Q: If a cyclist on a sidewalk crosses in front of my car as I begin to accelerate from a complete stop and [Cont.]
A: Depends on who is where, but you need to report it to your car insurance if you were the car driver, if you were the cyclist contact a ember of the Indiana Assn for Justice in your county.
A: There are a number of factors that could determine fault, such as traffic control devices, the bicycle's speed, the nature of the intersection, among others. An Indiana attorney could review additional details and the police report (if one was issued), and provide more meaningful guidance. Good luck
A: When it comes to a question about fault, unfortunately, or fortunately depending on your perspective, the answer is often, "it depends." With certain exceptions, namely governmental actor liability and medical malpractice where contributory negligence applies, Indiana is a modified comparative fault state. If the injured person's fault is found to be 51% or more out of the 100% of available fault by the trier of fact (judge or jury), then they will be unable to recover any damages, as a defense verdict will follow. If fault is determined to be 50/50, then the injured person is still entitled to make a recovery. The amount of damages awarded will then be reduced by the percentage of fault of the injured person. Indiana has a fairly lenient summary judgment standard, which means that its courts are reluctant to decide an issue such as fault as a matter of law absent clear and undisputed evidence. What this means is that nearly all issues involving a fault determination in a comparative fault setting will make it to trial, so long as there is some evidence in favor of the party suing not being at fault.
In determining who is at fault between a cyclist leaving a sidewalk and a motorist accelerating from a stop where the motorist collides with the cyclist, there could be several factors that go into the fault equation that a jury gets to decide. Bicycle laws in Indiana leave plenty of room for confusion when it comes to the respective rights of motorists and bicyclists. A motorist must always exercise due care on the roadway and follow the rules of the road. So too must a cyclist. There is nothing currently on the books in Indiana prohibiting a cyclist from riding on a sidewalk. Some localities have passed a variety of laws about cyclists that could impact this. Was it day or night? If night, was the cycle properly equipped with a lamp as required by law? Did the driver and cyclist make eye contact? Did anyone wave the cyclist across? Did the cyclist have and use a bell? Did the motorist hear it? Was the cyclist or motorist under the influence.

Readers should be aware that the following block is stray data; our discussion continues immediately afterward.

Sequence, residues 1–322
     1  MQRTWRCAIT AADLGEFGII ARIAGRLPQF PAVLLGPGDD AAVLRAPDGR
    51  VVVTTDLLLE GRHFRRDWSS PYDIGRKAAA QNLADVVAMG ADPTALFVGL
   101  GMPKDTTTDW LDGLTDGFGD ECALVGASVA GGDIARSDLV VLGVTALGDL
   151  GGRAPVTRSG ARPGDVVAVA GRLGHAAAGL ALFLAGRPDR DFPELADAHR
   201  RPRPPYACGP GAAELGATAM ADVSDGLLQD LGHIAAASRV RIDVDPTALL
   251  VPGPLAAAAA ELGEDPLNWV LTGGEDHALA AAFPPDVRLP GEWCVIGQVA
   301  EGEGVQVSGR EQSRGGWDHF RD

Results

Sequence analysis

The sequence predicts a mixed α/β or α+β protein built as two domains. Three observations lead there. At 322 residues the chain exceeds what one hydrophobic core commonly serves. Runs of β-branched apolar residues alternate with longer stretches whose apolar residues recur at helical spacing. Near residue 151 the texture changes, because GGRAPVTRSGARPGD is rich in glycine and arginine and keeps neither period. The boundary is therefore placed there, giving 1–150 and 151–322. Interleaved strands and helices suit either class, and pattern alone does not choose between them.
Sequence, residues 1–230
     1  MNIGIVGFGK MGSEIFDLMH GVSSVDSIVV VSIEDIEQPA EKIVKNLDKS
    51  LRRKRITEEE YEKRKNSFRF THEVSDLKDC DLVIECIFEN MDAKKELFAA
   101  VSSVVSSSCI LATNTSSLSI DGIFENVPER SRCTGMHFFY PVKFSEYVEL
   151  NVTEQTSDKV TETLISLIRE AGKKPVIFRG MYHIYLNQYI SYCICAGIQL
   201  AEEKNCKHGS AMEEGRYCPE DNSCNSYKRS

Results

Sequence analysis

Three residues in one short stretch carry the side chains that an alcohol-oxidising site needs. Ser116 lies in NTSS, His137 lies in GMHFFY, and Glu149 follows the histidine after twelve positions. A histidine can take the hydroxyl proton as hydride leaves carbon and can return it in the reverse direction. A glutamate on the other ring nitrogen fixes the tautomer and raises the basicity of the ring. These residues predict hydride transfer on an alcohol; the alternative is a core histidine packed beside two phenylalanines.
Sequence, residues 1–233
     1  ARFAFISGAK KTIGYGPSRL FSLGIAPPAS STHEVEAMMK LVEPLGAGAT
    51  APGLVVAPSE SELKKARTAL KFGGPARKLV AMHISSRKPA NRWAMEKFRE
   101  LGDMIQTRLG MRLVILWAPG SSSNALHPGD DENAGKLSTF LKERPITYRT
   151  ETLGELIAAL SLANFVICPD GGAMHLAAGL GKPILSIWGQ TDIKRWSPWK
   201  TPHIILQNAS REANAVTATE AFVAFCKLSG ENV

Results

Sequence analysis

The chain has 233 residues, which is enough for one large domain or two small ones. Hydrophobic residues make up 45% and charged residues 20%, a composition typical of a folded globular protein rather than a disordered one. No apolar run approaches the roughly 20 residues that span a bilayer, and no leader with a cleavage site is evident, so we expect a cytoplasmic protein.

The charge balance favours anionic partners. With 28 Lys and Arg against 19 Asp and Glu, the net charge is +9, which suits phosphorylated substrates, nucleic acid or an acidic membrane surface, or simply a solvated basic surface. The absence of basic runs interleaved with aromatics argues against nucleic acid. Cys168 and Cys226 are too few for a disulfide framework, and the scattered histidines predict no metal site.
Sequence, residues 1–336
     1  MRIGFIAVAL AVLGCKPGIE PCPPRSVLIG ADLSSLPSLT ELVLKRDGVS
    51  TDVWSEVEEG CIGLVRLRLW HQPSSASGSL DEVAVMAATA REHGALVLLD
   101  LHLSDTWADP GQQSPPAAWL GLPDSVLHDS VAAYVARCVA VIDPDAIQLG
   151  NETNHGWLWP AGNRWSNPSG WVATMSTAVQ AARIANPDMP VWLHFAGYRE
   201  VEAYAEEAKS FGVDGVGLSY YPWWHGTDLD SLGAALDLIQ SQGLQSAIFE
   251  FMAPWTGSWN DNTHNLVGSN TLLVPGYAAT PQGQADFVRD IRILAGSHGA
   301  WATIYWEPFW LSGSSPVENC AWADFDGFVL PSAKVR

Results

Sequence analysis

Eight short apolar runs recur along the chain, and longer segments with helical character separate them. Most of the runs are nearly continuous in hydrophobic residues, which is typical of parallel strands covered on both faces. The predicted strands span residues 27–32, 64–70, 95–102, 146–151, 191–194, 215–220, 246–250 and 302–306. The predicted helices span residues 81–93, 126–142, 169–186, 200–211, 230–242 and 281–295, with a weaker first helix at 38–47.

The law is often in a state of flux with new laws coming and old laws going. In 2014, Indiana passed a "dead red" law, allowing motorcycles, motorized bicycles, bicyclists and motor scooters to stop at a red light, but to go again after waiting two minutes, so long as they exercise the due care that is otherwise required of them. This was apparently due to bicycles not being able to trigger automatic lights. Depending on the locality, factual circumstances, credibility of the parties, and biases of the judge or jury, there could be a variety of fault allocations made under your scenario. Very challenging, but good question.
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